It turns out that you can’t simply abandon your anxious, perfectionistic self. When I moved, she moved with me. As I mentioned before, I was enrolled in summer classes at my university, in addition to beginning a program to become a certified pharmacy technician. As the end of the semester neared, my body decided that we were exhausted, and before I knew it, I was having a panic attack at work.

I was “processing shipment”, a term in the retail world that means taking clothes out of bags, putting sensors on them, and hanging them on hangers. Anyway, as I was doing this, the room gradually began feeling hotter and hotter. I broke out in a sweat, and found it difficult to breathe. I fanned myself, gasped for air, and finally retreated to the break room in the back, doubled over, and hyperventilating.

I sat in a chair, cradling my head in my hands, and tried to force myself to breathe. The air kept getting thinner, and the temperature kept rising, and finally, I ran out of my workplace-tears and mascara streaming down my flushed cheeks-and was on my way to the doctor’s office.

That was rock bottom.

Since then, I’ve taken some serious therapeutic action. As advised by my doctor, I’ve been exercising regularly, getting proper nutrition, and removing stressors from my life. I quit my job (the one that housed my anxiety attack) and moved to a much more flexible, relaxed one. I’m taking the fall semester off at the Uni (a concept that initially gave me much more anxiety than any school semester ever could) and now I basically get to work when I want to and attend Pharmacy Tech school.

Things finally feel manageable. Things feel comfortable. Suspiciously comfortable.

I’ve noticed over the past few days that just when I feel like I’m allowing myself to enjoy life, I am overcome with guilt. My brain buzzes with constant, self-shaming thoughts: “I shouldn’t be this happy, I shouldn’t have this much free time, I shouldn’t sit still or relax.”

And so I don’t.

The best way I can describe chronic anxiety is when your mind races so fast that it forces your body to attempt to keep up with it-an impossible task. From the moment I open my eyes to the time I close them for the night, my entire body is buzzing. That’s the best word for it.

Then you combine that with eating disordered thoughts, and you’ve got a recipe for disaster. It’s been seven years since I’ve been weight-restored, and I still can’t eat a soft pretzel (one of my ABSOLUTE favorite foods) without mulling over it for the next three days, not resting nor sleeping until I perceive that I’ve adequately purged the calories from my system by means of vigorous cardiovascular exercise.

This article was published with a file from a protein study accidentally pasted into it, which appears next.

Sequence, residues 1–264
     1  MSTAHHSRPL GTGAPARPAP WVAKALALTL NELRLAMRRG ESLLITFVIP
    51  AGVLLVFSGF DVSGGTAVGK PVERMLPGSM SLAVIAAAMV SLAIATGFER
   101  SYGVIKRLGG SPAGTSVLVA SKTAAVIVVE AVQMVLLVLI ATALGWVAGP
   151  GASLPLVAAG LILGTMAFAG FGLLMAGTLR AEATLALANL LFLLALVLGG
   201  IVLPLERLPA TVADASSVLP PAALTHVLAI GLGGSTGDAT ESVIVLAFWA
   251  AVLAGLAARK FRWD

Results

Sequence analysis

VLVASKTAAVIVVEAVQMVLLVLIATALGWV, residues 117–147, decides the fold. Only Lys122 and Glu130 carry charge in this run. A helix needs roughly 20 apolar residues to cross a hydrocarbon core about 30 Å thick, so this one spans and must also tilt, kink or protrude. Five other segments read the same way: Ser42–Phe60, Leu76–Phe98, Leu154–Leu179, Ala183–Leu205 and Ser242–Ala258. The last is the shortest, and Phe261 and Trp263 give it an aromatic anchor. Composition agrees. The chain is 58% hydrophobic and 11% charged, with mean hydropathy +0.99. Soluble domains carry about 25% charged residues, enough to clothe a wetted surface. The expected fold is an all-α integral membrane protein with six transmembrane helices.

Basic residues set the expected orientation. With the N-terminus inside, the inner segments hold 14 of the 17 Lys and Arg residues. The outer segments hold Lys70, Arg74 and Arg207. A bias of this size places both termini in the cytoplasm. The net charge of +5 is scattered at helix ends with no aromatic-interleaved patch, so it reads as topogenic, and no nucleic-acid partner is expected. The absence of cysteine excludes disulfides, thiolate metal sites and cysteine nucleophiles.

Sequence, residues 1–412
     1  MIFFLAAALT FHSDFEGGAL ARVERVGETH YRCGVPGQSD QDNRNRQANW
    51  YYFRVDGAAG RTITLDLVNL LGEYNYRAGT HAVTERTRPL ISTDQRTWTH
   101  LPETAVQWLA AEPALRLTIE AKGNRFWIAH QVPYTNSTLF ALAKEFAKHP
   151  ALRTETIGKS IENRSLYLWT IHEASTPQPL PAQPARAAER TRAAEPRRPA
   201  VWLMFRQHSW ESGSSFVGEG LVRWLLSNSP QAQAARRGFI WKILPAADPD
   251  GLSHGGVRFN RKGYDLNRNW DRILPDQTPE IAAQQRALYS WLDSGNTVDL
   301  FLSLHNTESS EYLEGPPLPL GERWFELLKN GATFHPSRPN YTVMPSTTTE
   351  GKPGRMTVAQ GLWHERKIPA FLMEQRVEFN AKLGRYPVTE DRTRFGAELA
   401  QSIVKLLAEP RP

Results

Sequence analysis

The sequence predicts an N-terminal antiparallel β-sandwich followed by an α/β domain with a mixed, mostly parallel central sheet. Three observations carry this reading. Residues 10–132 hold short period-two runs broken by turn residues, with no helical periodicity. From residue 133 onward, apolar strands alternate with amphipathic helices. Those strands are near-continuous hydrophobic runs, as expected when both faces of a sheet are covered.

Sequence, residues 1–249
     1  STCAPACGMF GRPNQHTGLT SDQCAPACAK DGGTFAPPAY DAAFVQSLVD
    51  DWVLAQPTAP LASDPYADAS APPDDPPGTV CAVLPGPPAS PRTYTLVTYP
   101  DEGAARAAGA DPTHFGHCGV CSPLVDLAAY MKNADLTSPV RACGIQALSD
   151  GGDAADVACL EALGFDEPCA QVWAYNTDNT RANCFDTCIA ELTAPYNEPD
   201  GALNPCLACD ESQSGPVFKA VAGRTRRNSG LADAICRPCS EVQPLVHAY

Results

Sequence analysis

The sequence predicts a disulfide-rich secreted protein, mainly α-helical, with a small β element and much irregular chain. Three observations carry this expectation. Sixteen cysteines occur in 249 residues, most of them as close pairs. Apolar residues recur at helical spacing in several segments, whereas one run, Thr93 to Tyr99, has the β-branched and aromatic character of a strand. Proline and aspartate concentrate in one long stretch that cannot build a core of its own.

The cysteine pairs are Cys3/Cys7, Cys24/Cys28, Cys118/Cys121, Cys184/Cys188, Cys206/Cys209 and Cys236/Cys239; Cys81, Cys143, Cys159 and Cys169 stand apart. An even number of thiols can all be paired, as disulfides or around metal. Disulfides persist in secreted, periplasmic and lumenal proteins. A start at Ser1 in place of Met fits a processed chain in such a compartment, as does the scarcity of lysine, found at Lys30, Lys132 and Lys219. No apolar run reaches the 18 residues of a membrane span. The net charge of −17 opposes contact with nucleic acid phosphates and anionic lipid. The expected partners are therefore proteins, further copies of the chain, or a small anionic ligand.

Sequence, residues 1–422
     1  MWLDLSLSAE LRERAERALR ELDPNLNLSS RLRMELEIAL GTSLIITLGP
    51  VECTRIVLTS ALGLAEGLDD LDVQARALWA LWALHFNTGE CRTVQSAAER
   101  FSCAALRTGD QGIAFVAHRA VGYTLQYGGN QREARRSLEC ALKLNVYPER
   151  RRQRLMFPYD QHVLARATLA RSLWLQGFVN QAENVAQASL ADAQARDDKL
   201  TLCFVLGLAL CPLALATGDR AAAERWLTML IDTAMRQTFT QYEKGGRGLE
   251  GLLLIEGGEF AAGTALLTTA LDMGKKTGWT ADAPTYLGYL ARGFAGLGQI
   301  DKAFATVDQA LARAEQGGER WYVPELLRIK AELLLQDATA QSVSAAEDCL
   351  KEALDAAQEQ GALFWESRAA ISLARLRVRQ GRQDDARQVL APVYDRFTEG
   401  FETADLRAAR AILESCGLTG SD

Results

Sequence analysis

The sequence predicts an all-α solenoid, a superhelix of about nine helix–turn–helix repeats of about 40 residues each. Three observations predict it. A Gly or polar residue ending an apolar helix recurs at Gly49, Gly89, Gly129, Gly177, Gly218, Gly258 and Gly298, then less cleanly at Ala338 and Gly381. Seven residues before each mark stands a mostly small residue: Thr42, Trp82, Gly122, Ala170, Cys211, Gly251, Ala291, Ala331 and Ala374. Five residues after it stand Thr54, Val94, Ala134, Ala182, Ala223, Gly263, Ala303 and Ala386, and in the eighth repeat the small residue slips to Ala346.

I want so badly to let myself be happy, but the truth is, I’m afraid of what that entails.

 

M.

 

 

 

Truant

Among my extensive list of obsessive-compulsive behaviors is that of impeccable punctuality and spotless attendance, whether it be school, the dentist, work, a sushi date, my therapist-the point is, I may be a lot of things, but a no-show is not one of them. This may be due in part to my short-lived exposure to reception work, in which I found extreme irritability in people who were either late for or completely missed their appointments without the courtesy of prior notification.

I am excruciatingly punctual to literally everything, but additionally, I will have woken up at an obscenely early hour that morning to allow time for my thorough daily “get ready to conquer the world” routine. And by obscenely early, I mean like 5:00 AM.

Upon awakening, my little brain goes immediately into hyper drive, and it remains in hyper drive for the duration of my waking hours. I immediately spring out of bed (not once in my almost 21 years of life have I ever hit the snooze button) and prepare coffee, as I couldn’t possibly generate enough energy naturally to remain alert for even a moment. Then, I shower, put on a full face of makeup, curl my hair (which is what keeps my biceps sculpted), and finally put on the outfit, complete with jewelry and accessories, that I’d spent a half an hour the previous night assembling.

Every. Damn. Morning.

I am the first to arrive to my 7:30 AM Research Methods and Design lecture, having consumed the exact same, low-calorie, perfectly balanced breakfast and ANOTHER K-cup of coffee beforehand. At this point, I’ve already been awake for two and a half hours, and require more espresso.